The lawsuit alleges that DCFS and Hathaway-Sycamores Child and Family Services had more than a dozen reports of suspected child abuse in the case of Anthony Avalos and yet did not take action to remove him from his home.
Anthony's mother, Heather Barron, and her boyfriend, Kareen Leiva, are charged with torturing the boy, who died in 2017 after suffering five or six days of sustained abuse, authorities said.
The family and their attorney, Brian Claypool, claim social workers with Hathaway-Sycamores Child and Family Services were aware of problems and violated laws that require them to immediately report any suspected child abuse.
"DCFS knows that Hathaway-Sycamores breaks the law and they don't report suspected child abuse. And yet, they continue to use them," said Claypool at a press conference Thursday.
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Claypool added that DCFS turned a blind eye to reports from law enforcement agencies and school teachers of Anthony being physically and sexually abused.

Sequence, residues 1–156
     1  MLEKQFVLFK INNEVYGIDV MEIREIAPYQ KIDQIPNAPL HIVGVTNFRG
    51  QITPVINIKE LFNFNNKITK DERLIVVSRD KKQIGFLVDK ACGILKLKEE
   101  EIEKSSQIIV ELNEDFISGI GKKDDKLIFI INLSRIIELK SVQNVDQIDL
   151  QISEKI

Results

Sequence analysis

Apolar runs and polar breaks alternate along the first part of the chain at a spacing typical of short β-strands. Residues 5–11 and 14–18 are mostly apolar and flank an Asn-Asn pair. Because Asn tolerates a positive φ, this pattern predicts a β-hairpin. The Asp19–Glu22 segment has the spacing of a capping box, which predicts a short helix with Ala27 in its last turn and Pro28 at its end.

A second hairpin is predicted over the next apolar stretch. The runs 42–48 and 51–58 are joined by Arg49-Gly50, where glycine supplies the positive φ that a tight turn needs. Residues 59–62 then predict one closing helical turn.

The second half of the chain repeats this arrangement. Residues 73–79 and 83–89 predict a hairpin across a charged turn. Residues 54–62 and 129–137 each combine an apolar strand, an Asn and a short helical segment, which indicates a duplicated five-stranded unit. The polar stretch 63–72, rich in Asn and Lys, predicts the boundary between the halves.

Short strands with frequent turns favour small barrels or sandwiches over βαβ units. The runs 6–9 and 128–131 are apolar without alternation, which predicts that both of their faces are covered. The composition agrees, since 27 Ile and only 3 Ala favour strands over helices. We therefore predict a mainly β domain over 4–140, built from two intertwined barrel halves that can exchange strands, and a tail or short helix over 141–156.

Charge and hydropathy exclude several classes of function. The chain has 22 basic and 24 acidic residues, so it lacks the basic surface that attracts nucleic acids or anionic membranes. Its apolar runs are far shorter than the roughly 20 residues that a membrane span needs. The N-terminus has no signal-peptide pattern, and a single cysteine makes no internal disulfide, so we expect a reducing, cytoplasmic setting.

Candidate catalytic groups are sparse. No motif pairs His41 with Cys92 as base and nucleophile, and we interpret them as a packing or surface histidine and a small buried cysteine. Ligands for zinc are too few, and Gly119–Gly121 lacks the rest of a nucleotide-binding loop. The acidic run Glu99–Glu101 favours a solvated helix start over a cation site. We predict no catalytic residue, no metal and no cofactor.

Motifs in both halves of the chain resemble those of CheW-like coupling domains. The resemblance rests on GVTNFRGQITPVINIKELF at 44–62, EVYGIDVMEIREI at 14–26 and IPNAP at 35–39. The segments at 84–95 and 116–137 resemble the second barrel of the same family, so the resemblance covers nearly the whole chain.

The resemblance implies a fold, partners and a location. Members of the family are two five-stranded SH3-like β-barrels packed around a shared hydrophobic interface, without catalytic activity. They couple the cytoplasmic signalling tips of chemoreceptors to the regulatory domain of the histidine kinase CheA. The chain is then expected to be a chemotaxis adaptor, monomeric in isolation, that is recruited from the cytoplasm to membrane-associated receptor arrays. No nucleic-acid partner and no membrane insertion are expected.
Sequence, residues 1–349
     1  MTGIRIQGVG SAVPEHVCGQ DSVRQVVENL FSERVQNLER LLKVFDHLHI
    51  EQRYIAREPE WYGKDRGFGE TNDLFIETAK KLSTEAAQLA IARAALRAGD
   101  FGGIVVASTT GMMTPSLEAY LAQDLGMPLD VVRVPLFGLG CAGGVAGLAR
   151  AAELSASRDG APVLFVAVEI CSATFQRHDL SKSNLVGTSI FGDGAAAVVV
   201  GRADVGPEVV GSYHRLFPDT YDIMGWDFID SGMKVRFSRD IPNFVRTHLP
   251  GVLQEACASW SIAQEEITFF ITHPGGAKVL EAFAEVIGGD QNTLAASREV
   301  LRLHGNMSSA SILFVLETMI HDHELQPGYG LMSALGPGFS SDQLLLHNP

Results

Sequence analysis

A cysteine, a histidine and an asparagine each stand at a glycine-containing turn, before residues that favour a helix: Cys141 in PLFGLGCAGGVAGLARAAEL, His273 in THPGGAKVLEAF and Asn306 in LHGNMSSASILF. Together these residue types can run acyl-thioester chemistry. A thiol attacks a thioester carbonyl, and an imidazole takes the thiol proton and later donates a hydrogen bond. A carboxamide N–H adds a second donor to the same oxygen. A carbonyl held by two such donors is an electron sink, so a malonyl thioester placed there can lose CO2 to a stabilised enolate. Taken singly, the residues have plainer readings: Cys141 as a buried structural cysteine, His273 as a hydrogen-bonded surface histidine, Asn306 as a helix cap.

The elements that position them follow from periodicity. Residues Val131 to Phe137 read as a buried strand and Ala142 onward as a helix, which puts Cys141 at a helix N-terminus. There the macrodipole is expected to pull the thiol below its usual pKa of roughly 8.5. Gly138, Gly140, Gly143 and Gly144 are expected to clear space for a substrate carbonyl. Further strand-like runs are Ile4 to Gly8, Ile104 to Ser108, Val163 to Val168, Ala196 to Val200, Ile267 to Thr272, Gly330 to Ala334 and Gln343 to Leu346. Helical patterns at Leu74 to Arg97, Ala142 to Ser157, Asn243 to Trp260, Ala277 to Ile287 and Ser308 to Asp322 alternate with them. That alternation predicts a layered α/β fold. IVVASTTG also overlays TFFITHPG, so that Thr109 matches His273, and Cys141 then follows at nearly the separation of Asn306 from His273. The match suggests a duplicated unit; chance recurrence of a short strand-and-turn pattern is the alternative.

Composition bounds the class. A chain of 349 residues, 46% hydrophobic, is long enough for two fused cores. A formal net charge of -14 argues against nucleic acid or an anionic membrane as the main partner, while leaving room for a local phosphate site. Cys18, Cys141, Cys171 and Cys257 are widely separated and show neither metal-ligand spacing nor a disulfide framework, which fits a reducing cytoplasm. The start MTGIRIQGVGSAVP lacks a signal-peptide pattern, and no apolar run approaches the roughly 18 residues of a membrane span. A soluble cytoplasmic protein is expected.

A crowd gathered at the DCFS offices in Koreatown to demand accountability from the department and its social workers, chanting "Justice for Anthony."
An internal DCFS document reveals that in May 2016, Anthony's mother had been declared "unable or unwilling to protect the child from serious harm, including physical and sexual abuse," according to the Claypool Law Firm.
The department is also facing similar claims in the separate cases of two other children, Gabriel Fernandez and Noah Cuatro, who also allegedly died despite a number of red flags that indicated physical and sexual abuse.
Officials with DCFS issued a statement which says in part: "... All DCFS employees are held in the highest standards to ensure the public's trust but we cannot make any comment on any pending lawsuit."
Claypool also called on the U.S. Attorney General to launch a federal civil rights investigation into DCFS.